LCx: left circumflex artery

Table 4.
Primary Success Rate Related to the Duration of Occlusion
Duration (wk) Primary success (%)
  0–2 15/21 (71%)
  2–12 5/8 (63%)
  >12 3/6 (50%)

Total 23/35(66%)

Mean duration of occlusion:

1.4 months (1 day-5 months) in successful PTCA

1.7 months (3 wks-3 yrs) in failed PTCA

Table 5.
Patients Characteristics
Success (n=23) Failure (n=12)
Men 18 10

Age (yrs)-mean range 55.3±9.3 (31–72) 55.5±12.7 36–74

Clinical setting
  Acute MI 14 6
  Unstable angina 5 3
  Old MI 4 3

Risk factors
  + 19 11
  − 4 1

PTCA
  1 artery 14 8
  >1 artery 9 4

Arteries
  LAD 11 7
  RCA 11 3
  LCx 1 1
  Left main 0 1

No significant differences for the 2 groups

LAD=left anterior descending coronary artery: LCx=left circumflex coronary artery: RCA=right coronary artery: PTCA=percutaneous transluminal coronary angioplasty: MI=myocardial infarction

Table 6.
Residual Stenosis in 23 Successfully Recanalized Patients
Site of PTCA tried %
  LAD 20.5
  RCA 19.1
  LCx 17.0

  Mean 19.7
Table 7.
Procedural Failures
Unablte to cross the lesion with the wire 9
Unable to follow the wire across the lesion with balloon catheter 3
Table 8.
Complications Associated with PTCA
Distal embolization 2
Intimal dissection 1
Acute reocclusion 1
Prolonged chest pain 1

REFERENCES

1. Gruentzig A. Transluminal dilatation of coronary artery stenosis. Lancet 1:263. 1978.
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2. Savage R, Hollman J, Gruentzig AR, King S III, Douglas J, Tankersley R. Can percutaneous transluminal coronary angioplasty be performed in patients with total occlusion? (Abstract). Circulation 66:II–3301982.

3. Stone GW, Rutherford BD, McConahay DR, Johnson WL, Giorgi LV, Ligon RW, Hartzler GO. Procedural outcome of angioplasty for total coronary artery occlusion: An analysis of 971 lesions in 905 patients. J Am Coll Cardiol 15:849. 1990.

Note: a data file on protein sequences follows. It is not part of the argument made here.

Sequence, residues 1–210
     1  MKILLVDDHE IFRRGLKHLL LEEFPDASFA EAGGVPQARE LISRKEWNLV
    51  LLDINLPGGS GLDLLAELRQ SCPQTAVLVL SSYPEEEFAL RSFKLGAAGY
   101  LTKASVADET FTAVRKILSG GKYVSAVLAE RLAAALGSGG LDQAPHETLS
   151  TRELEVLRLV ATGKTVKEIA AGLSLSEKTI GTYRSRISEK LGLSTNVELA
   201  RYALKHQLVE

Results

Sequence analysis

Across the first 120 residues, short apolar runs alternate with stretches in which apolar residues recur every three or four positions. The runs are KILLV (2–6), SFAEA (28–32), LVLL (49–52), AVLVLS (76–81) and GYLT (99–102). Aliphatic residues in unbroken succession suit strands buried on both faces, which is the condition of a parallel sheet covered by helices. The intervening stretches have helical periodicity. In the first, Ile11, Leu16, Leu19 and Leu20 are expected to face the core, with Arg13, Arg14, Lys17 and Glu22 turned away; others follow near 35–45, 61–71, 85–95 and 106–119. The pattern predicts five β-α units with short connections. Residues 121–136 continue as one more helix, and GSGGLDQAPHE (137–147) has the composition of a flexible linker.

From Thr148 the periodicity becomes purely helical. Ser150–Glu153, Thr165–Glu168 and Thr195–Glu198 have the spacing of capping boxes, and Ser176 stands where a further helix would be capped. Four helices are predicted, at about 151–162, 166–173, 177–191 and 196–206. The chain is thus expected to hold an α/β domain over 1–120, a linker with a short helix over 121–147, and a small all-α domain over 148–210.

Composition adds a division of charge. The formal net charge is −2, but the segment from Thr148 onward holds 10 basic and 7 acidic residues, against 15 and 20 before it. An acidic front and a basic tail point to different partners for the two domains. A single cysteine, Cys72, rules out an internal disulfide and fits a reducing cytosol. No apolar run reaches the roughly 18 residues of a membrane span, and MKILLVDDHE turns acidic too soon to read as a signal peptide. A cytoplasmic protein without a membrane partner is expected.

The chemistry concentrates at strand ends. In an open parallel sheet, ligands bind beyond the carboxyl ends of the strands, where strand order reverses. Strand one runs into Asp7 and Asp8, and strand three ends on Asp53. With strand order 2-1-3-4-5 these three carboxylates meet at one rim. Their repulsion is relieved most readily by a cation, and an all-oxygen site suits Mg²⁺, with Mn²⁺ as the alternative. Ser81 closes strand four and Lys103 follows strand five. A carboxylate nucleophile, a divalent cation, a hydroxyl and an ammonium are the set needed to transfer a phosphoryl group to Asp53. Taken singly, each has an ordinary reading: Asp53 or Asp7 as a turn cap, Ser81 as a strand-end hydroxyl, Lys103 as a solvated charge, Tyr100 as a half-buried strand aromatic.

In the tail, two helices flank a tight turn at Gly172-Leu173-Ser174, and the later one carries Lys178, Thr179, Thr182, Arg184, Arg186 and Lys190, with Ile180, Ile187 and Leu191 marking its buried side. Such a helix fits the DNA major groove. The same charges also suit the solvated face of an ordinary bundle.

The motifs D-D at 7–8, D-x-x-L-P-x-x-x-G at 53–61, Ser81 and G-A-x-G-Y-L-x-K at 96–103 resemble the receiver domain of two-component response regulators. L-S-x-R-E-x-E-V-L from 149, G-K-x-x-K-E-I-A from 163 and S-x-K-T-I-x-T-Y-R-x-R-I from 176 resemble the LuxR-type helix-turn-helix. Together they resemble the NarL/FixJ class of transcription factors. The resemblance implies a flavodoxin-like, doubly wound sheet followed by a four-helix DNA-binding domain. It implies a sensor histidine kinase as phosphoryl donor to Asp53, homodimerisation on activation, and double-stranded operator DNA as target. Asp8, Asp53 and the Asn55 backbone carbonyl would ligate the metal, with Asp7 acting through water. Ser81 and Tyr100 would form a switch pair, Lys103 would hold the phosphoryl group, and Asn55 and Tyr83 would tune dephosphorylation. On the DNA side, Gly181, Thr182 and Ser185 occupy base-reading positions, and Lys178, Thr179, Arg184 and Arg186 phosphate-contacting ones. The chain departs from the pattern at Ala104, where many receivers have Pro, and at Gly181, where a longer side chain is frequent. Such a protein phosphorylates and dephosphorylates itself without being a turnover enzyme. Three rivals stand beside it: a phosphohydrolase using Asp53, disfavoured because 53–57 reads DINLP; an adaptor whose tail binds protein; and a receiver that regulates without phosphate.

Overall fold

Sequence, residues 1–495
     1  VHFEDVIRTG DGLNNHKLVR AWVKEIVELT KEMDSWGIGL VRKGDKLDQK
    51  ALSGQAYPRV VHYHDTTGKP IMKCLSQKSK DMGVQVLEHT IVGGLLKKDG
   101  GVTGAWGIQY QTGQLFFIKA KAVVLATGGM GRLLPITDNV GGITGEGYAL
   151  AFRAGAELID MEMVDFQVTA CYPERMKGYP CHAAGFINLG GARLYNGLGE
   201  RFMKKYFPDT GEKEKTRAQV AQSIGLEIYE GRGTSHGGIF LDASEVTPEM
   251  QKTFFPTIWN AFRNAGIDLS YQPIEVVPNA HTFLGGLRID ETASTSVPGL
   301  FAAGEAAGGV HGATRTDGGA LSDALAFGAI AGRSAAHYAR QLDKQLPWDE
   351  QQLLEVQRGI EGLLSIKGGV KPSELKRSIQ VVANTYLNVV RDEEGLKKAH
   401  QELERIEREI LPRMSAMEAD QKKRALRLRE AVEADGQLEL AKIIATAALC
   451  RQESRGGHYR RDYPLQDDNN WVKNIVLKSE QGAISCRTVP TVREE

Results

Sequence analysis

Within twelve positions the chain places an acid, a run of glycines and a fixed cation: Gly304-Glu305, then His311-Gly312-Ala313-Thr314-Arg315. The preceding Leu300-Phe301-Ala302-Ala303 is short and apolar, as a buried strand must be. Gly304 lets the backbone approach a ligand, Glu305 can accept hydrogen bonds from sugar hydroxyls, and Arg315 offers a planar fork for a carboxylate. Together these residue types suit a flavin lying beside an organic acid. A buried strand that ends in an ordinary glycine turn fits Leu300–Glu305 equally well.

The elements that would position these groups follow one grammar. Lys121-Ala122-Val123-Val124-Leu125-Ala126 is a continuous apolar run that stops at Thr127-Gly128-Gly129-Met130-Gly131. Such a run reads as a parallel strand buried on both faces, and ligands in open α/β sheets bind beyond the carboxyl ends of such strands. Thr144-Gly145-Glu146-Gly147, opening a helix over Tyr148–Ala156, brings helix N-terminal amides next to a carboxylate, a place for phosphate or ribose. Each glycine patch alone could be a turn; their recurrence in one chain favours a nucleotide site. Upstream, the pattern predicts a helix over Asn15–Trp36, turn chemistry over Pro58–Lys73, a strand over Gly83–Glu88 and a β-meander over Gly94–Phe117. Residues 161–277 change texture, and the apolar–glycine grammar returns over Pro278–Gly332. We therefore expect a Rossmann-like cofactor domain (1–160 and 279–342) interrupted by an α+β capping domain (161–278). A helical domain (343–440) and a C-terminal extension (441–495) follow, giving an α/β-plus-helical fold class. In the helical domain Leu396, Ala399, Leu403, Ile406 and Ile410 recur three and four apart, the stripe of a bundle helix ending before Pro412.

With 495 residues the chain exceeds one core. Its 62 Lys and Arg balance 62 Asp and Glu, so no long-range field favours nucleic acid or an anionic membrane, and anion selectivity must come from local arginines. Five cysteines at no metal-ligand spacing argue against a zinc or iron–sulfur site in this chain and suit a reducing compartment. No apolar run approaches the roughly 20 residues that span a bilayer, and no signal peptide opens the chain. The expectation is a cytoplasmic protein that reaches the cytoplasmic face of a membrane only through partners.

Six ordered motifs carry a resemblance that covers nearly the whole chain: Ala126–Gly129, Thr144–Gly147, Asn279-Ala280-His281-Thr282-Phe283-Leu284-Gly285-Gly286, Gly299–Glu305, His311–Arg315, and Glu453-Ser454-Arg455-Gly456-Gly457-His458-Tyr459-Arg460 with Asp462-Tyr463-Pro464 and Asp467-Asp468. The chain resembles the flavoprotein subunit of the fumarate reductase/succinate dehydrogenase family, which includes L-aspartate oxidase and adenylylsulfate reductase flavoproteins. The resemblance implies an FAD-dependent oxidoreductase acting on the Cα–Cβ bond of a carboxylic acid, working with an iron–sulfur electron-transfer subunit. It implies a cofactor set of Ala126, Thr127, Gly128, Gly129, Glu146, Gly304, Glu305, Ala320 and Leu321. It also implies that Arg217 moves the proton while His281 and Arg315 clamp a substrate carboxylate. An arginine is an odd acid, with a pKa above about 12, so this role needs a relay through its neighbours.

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4. Holmes DR, Vlietstra RE, Reeder GS, Bresnahan JF, Smith HC, Bove AA, Schaff HV. Angioplasty in total coronary artery occlusion. J Am Coll Cardiol 3:845. 1984.
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5. Kereiakes DJ, Selmon MR, McAuley BT, McAuley DB, Sheehan DJ, Simpson JB. Angioplasty in total coronary artery occlusion: Experience in 76 consecutive patients. J Am Coll Cardiol 6:526. 1985.
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6. Finci L, Meier B, Favre J, Righetti A. Rutishauser: Long-term results of successful and failed angioplasty for chronic total coronary arterial occlusion. Am J Cardiol 66:660. 1990.
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7. Melchior JP, Meier B, Urban P, Finci L, Steffenino G, Noble J, Rutishauser W. Percutaneous transluminal coronary angioplasty for chronic total coronary artery occlusion. Am J Cardiol 59:535. 1987.
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8. DiSciascio G, Vetrovec GW, Cowley MJ, Wolfgang TC, Va R. Early and late outcome of percutaneous transluminal coronary angioplasty for subacute and chronic total coronary occlusion. Am Heart J 111:833. 1986.
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9. Park SJ, Park SW, Kim JJ, Seong IW, Song JK, Lee JK. Coronary angioplasty in patients with totally occluded coronary arteries. Am Circ J 21:686. 1991.
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10. Safian RD, Snyder LD, Snyder BA, McKay RG, Lorell BH, Aroesty JM, Bradley AB, Monrad ES, Bairn DS. Long-term results and follow-up of coronary angioplasty of totally occluded coronary arteries[Abstract]. Circulation 72:III–1411985.

11. Vallbracht C, Liermann D, Drignitz I. Results of low-speed rotational angioplasty for chronic peripheral occlusion. Am J Cardiol 62:935. 1988.
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12. Baim DS, Safian RD. Coronary angioplasty for total occlusion: Ongoing problems despite improving results. J Am Coll Cardiol 15:857. 1990.